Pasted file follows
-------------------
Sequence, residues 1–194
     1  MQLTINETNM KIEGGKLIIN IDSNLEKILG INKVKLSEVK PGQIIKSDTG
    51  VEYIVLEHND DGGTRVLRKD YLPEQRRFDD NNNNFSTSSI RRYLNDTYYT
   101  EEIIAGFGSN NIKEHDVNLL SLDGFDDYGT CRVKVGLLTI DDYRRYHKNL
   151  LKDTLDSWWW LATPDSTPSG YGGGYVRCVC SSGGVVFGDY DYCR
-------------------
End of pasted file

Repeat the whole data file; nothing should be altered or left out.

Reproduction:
Sequence, residues 1–194
     1  MQLTINETNM KIEGGKLIIN IDSNLEKILG INKVKLSEVK PGQIIKSDTG
    51  VEYIVLEHND DGGTRVLRKD YLPEQRRFDD NNNNFSTSSI RRYLNDTYYT
   101  EEIIAGFGSN NIKEHDVNLL SLDGFDDYGT CRVKVGLLTI DDYRRYHKNL
   151  LKDTLDSWWW LATPDSTPSG YGGGYVRCVC SSGGVVFGDY DYCR